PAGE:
In his taxonomy of early Arab intellectuals living in America, Michael Suleiman lists Sakakini - the most radical pedagogue of the period - among the conservatives, particularly when compared to socialist thinkers like Farah Antoun, and Tolstoyan naturalists like Michael Nu'aimi - both his contemporaries in New York.30 This judgement is in part a reflection of Sakakini's inability to engage himself in any positive reflection on the American scene, but it also reflects his perverse, almost peasant-like reaction to the conquest of public space by women. In a 1908 trip to the Coney Island beachfront with his friend Elias Haider, Sakakini was literally shocked and disgusted by the playfulness of men and women frolicking on the shoreline in sea costume.31
Despite his antipathy to American mores, Khalil had sharp and satirical observations of daily life. "The American walks fast and eats fast," he wrote for al Sufur (Cairo), "…They are so fast that they have restaurants called 'Fast Food', where you do not see chairs, as customers eat standing up. A person might even leave the restaurant with a bite still in his mouth!"32 Because Syrian and Armenian travelling salesmen surrounded him, he was fascinated by their mannerisms, especially their reflection of the work ethics of two different worlds.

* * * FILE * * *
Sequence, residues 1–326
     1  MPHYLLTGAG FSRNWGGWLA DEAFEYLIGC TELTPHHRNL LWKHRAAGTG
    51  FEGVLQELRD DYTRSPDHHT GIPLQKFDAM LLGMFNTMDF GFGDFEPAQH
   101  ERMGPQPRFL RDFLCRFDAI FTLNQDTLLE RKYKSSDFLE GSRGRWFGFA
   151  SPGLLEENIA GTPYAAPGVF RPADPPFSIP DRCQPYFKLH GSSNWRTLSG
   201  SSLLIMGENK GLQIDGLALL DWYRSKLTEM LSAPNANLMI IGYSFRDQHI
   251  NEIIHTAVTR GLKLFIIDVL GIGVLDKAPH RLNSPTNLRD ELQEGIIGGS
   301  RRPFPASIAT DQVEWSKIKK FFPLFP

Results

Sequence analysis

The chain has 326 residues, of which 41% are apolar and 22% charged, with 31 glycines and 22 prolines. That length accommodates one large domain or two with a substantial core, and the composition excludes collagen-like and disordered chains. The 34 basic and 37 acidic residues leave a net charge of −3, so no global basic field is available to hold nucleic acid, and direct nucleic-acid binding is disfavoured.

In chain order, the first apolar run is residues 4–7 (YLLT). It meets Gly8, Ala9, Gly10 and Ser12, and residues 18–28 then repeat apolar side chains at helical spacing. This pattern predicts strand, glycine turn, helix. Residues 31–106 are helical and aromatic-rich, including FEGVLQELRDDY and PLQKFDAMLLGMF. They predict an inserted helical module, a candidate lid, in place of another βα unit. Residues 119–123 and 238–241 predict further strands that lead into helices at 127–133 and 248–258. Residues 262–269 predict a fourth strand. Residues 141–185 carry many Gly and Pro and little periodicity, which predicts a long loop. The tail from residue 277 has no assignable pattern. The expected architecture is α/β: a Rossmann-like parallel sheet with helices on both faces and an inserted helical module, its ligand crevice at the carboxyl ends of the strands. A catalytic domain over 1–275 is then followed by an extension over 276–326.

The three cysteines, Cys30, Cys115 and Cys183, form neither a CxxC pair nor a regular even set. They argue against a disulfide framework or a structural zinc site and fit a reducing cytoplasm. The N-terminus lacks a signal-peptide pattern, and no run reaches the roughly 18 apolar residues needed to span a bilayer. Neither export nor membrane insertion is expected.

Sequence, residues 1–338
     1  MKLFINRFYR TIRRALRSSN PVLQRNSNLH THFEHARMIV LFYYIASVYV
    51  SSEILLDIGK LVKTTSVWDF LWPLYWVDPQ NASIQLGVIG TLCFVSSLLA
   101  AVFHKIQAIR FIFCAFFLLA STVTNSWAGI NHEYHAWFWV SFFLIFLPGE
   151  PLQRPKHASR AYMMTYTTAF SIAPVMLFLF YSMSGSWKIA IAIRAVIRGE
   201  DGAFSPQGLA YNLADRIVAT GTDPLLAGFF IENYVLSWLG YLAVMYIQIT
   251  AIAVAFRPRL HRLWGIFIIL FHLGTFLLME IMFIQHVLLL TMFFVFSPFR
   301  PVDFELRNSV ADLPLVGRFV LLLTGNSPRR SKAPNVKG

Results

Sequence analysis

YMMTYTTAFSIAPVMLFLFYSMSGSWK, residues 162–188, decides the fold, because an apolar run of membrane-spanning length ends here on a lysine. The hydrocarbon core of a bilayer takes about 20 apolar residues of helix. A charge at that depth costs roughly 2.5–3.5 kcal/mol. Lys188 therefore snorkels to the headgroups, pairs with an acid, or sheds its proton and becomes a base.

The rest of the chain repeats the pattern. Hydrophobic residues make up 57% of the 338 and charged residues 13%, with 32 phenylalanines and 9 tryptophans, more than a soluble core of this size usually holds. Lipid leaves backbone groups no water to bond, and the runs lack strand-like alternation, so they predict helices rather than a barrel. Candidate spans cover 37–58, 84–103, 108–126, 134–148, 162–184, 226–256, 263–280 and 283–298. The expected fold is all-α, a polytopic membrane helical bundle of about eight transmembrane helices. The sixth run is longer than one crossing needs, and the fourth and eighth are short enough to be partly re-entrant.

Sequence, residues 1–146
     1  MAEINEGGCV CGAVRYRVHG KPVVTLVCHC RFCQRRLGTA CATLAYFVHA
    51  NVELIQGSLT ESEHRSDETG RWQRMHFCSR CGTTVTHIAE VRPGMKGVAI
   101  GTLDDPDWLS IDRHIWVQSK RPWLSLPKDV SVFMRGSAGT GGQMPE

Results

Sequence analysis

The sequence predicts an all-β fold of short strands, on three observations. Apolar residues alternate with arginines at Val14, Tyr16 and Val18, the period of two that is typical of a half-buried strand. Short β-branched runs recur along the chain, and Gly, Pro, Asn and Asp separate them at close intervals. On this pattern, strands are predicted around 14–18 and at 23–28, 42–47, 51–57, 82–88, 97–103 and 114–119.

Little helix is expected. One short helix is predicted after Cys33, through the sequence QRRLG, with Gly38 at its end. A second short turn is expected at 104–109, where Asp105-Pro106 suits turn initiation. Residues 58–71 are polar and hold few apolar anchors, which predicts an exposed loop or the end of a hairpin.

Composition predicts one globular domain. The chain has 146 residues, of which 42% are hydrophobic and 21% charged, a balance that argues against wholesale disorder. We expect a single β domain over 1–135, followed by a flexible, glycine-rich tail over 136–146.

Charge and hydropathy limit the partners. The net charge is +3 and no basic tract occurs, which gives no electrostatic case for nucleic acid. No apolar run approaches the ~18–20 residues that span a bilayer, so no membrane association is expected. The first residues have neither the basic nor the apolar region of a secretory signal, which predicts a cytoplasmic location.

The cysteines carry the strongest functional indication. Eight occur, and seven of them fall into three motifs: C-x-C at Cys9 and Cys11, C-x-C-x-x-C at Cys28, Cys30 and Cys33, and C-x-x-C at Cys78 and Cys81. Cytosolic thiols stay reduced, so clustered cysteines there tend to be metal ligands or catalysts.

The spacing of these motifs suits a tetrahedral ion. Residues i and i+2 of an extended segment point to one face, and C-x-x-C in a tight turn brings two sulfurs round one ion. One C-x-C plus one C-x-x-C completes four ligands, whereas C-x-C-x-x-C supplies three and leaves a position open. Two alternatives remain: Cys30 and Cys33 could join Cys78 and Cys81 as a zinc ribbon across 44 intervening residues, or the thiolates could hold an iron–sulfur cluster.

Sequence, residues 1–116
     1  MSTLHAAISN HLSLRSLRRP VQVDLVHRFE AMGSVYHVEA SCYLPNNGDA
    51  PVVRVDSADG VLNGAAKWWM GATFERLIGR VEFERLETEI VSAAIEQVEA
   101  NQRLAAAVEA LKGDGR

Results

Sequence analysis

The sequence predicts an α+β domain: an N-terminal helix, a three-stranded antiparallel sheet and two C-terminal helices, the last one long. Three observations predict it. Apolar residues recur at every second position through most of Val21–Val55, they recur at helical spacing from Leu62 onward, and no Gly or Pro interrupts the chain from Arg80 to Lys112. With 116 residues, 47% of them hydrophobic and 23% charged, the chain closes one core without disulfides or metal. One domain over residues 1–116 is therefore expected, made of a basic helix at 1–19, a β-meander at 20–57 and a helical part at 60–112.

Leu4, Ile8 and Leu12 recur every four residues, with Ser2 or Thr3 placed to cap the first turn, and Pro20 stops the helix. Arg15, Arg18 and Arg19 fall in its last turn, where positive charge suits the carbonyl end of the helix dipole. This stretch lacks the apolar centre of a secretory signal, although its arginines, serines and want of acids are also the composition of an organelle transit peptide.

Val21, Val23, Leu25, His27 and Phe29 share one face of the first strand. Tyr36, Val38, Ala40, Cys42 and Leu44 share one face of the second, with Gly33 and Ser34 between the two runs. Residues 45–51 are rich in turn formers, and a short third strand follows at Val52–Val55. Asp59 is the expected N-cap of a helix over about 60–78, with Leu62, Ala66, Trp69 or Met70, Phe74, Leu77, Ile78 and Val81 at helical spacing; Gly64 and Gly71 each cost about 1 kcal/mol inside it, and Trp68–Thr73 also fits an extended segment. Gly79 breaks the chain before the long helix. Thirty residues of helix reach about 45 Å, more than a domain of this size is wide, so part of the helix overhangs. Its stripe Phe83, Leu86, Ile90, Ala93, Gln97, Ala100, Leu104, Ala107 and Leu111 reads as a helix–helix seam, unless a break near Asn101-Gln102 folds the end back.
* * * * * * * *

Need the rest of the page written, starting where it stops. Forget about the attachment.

In the Arab world, observed M. Suleiman, the peddlers were happy and sang their wares. In America, however, peddlers hardly smiled and their voices were disturbing when they called for customers. They went to bed worried and anxious, and woke up the same way; such was not the case in the Levant. In comparing "our crazies and theirs." Sakakini reported that, of two madmen he knew back home, one walked day and night, the other locked himself up in a closet. In America, he found that everybody was that kind of crazy, whether in constant motion or behind a counter [closet]. In America, people worked all the time, there was no pleasure in work. Their only pleasure was in making money and more money. 33
Sultana's Cruel Heart
While in New York Sakakini would spend sleepless nights remembering outings he took with Sultana mostly in Ein Karem, Artas, Beit Jala, and on two occasions to Ramallah. On several occasions she spent the night at their house, with her family's approval.34 While one of the main impetuses behind his departure to America was to make enough money to set up home for Sultana and himself, it became obvious from his pleadings with her that she was not fully committed to the idea of marriage.
Altogether Khalil wrote 41 letters to Sultana, 21 of them from New York. Of those about 35 letters survived, allowing us to glimpse their relationship and courting traditions in Palestine before the great war. Sakakini had left Palestine without a formal betrothal to Sultana, so their relationship remained a secret from both their respective families. Only Dawood was privy to their love vows.